Comment is free, but facts are sacred

The same time the media must not fall into the same trap as politicians and divide itself into camps. It should remain focused, vociferous and impartial

CP Scott, the founder of what today is The Guardian newspaper in the UK, once said that facts are sacred, but comment is free. I wish that in this country we understood this better.
CP Scott, the founder of what today is The Guardian newspaper in the UK, once said that facts are sacred, but comment is free. I wish that in this country we understood this better.

In days gone by a newspaper journalist had all the time in the world to write an article. If you asked them, they’d tell you that deadlines were extremely tight. But compared to the reality of today their deadlines were plush and comfortable.

Today as a press conference progresses, you can see the journalist writing the article there and then.

Often, it is uploaded before the press conference is even over. Two hands on the tablet and two ears on the press conference, that world revolves around sound-bites and the juice of what was said.

It doesn’t involve analytical analysis or depth. It’s just throwing content into the internet with the basics being right. This is the modern media and I do believe that it is distancing itself from the important fundamentals and values that governed the media for decades.

CP Scott, the founder of what today is The Guardian newspaper in the UK, once said that facts are sacred, but comment is free. I wish that in this country we understood this better. Too many commentators write as if their opinion is fact, and too many journalists write as if their reporting is commentary. This distinction is crucial. If you’re a journalist there has to be an unbiased viewpoint, at least in relation to the factual analysis of a story. This doesn’t mean that journalists don’t have a viewpoint or opinion. All journalists ought to. They should, if they choose to, pursue the facts and the focus of their story based on their beliefs or opinion, but ultimately facts should be treated as facts, and opinion as opinion.

A recent speck of self-awareness came in Tim Diacono’s article on Lovin’ Malta, where he reassessed the environment that the Egrant saga had developed in and how it skewed the reporting on that portal, and others.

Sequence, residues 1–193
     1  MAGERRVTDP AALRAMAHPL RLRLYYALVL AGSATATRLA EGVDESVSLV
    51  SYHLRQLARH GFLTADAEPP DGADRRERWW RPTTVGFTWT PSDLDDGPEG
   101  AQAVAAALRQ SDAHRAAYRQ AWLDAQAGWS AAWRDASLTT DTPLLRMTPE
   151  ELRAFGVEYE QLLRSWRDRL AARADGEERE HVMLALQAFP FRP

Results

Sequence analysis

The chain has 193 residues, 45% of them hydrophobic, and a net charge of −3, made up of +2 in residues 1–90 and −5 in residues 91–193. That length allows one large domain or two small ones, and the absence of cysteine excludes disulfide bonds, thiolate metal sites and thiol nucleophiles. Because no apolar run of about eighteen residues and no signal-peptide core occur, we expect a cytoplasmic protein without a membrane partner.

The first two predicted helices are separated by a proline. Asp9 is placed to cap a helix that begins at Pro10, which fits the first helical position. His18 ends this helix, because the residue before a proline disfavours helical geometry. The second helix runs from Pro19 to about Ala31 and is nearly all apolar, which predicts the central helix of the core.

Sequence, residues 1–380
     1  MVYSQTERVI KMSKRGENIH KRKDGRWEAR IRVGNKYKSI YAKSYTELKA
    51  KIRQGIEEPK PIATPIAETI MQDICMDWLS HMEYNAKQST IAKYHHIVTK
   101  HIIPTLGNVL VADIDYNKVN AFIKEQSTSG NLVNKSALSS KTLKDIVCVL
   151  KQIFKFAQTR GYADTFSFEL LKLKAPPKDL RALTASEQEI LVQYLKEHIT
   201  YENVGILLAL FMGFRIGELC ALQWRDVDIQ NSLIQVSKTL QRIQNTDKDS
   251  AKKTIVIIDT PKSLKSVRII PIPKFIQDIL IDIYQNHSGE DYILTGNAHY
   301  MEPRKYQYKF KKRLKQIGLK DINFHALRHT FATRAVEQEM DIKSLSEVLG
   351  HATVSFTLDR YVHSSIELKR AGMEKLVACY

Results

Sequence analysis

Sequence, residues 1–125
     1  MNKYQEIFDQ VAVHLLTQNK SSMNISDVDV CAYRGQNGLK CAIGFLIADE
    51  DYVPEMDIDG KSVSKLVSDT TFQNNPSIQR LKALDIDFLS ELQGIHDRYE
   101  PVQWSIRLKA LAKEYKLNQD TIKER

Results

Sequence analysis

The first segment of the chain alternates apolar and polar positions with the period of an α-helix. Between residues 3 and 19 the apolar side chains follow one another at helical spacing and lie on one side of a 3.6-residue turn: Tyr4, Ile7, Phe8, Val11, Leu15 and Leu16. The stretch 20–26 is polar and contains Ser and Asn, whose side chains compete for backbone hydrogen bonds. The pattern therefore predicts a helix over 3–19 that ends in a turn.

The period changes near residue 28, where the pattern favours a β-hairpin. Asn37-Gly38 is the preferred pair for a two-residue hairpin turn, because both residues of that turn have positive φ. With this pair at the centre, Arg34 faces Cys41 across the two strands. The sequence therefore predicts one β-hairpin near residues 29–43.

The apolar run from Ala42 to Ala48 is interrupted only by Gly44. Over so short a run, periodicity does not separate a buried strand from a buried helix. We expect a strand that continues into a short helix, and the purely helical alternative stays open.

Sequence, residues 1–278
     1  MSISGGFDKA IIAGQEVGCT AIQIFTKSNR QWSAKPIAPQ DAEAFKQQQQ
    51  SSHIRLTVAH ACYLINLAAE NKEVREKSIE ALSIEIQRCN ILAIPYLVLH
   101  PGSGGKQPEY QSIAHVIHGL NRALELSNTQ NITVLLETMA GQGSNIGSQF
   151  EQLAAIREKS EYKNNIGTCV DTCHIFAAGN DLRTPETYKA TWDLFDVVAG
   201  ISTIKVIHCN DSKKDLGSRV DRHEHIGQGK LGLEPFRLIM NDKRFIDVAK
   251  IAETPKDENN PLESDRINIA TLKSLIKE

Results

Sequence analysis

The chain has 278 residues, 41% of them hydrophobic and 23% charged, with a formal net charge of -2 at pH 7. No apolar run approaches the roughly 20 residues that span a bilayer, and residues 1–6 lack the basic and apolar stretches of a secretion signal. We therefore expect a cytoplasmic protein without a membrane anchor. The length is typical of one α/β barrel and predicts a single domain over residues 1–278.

Other prominent media houses doubled-down on their call. Others who weren’t sucked into the saga, such as this newspaper, called for reflection in the local media landscape. It was a sensible thing to do in my view.

As a former journalist, and now a politician, I have lived on both sides of the divide. A newspaper, portal or any other respectable medium knows that it takes a long time to gain a reputation and win readership. But it also takes very little to destroy it. The role of the media is to join the dots, not create them. Often, the rationale is publish first and be damned with the aftermath. There isn’t that lucid reasoning of facts that you would have had in the past.

Everyone gets things wrong. Over the past few months the New York Times and CNN made some serious blunders, but the fact that they admitted they were wrong, or partly-wrong, is what enhanced their credibility.

According to the Eurobarometer, the reputation of newspapers and online portals among the public in Malta is among Europe’s lowest. The days following the Egrant magisterial inquiry did little to improve that. But not all is lost. We need the media in this country because it strengthens our democracy and society.

But at the same time the media must not fall into the same trap as politicians and divide itself into camps. It should remain focused, vociferous and impartial. Reason should be its guide, not toeing the line of one political grouping or another. This is especially important if you’re one of the so-called ‘independent’ media-houses. It should treat facts and opinion as two different beasts, far away from each other. If facts were indeed treated as sacred, we wouldn’t be in this mess today.

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